... I know the reports are that Marc Bulger left Sunday's game against the Bears because of a concussion, but I wonder if he'd just had enough. I wouldn't blame him.

... Big win for the Ravens. Not only do they remain just one game back of the Steelers in the AFC North, they're also a wild card team. And the players were so excited about waxing the Eagles, John Harbaugh's former employer, that they doused their rookie head coach with not one, but two Gatorade showers. Two. In Week 12. This is still professional sports, right? Look, Baltimore has been a pleasant surprise this season, and they're coming off a five-win effort a year ago, but it's not like they're the Lions. Let's have some perspective here. Thanks in advance.

... The Denver Broncos are officially the worst team in the league. Mike Shanahan should be forced to coach the rest of the season wearing an Al Davis costume. By the way, this could only happen to the Raiders: with about a minute to go in the first half and the game tied 3-3, Johnnie Lee Higgins returned a punt 89 yards for a touchdown, did a celebratory end zone backflip, and because he under-rotated and landed on his hands, he drew a 15-yard excessive celebration penalty. You see, according rules, players can't go to the ground to commemorate the occasion. Sounds about right. Whatever, it's worth 15 yards to not be the Broncos right now.

Post-Game Debaclings

Quotes that Emmitt Smith might like...

"No. But that's just the competitive nature that you have ... that you feel like something positive's going to turn things around and get things going in the right direction. But that's why I'm not the coach."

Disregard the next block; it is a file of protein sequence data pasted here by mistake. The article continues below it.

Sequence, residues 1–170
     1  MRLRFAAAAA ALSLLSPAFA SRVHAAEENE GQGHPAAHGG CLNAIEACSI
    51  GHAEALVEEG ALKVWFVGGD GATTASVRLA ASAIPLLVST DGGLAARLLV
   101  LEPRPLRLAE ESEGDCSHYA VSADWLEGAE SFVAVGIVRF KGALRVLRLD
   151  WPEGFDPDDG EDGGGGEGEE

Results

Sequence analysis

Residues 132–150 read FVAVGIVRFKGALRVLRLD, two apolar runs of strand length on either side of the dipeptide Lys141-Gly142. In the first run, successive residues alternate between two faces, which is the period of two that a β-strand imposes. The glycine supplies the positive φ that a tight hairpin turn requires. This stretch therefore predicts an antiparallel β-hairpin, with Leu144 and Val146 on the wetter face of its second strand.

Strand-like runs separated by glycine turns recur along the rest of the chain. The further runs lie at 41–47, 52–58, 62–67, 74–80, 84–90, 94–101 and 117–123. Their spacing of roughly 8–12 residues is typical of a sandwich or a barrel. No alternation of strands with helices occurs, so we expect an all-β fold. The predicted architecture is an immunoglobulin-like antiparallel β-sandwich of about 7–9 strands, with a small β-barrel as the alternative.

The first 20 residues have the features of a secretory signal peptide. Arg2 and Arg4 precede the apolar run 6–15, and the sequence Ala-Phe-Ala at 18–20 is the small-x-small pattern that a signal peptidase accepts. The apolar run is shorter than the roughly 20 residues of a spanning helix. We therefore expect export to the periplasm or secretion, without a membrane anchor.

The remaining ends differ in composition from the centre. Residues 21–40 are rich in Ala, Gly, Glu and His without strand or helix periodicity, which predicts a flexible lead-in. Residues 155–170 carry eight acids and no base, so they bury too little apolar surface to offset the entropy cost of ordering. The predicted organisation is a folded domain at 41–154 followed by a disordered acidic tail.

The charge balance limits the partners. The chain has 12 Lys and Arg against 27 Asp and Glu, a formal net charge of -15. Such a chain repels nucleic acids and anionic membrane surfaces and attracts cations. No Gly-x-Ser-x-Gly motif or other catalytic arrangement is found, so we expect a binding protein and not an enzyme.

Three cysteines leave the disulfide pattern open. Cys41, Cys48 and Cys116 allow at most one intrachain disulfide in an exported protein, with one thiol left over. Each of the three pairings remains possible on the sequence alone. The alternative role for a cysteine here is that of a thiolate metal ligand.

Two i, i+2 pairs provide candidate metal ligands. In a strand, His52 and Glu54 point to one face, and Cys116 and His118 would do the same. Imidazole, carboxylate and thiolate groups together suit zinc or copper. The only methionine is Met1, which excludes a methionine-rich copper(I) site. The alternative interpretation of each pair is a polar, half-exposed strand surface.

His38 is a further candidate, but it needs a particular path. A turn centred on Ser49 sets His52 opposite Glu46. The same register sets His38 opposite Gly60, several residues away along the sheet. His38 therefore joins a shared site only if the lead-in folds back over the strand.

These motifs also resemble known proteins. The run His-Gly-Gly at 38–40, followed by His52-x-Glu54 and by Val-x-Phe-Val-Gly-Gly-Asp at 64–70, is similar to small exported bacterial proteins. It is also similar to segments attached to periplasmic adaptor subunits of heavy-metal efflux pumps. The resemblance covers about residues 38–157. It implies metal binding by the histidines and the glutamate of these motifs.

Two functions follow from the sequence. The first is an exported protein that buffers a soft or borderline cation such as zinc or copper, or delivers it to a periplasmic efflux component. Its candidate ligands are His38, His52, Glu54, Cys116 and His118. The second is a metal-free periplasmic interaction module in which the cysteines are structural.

- Eagles quarterback Donovan McNabb, answering the question, "Should you be benched next week?"

"Ever since I left, this is what I wanted to do -- to come back to Invesco and show I've still got it ... Come back and kind of put it to the people who didn't think I was good enough."
- Raiders receiver Ashley Lelie, who began his career with the Broncos

"You would have to ask coach why I was pulled ... He was upset with a couple of decisions I made out there. I didn't have any idea that I was on such a short leash."
- Browns sometimes starting quarterback, Brady Quinn

"I found our performance today to be totally unacceptable."
- Jaguars head coach Jack Del Rio, after his team ran its home record to one-for-2008

"I've failed so far, no doubt about it -- I've said that before -- and empty [Ford Field] seats, that's on me. The record is on me. I've been very upbeat with that, I've been very direct with that. I've never used an excuse or an explanation, I've just said, 'yes.' In terms of where we're at, no doubt about it. Now, how do I go on? I get up and I get this team ready to go and I'm looking forward to it and I got to bring some energy to these guys."
- Lions head coach Rod Marinelli, making less sense than Oswald Bates

Sorting the Sunday Pile, Week 12: And So Ends Donovan McNabb's Career in Philly originally appeared on NFL FanHouse on Mon, 24 Nov 2008 08:30:00 EST . Please see our terms for use of feeds.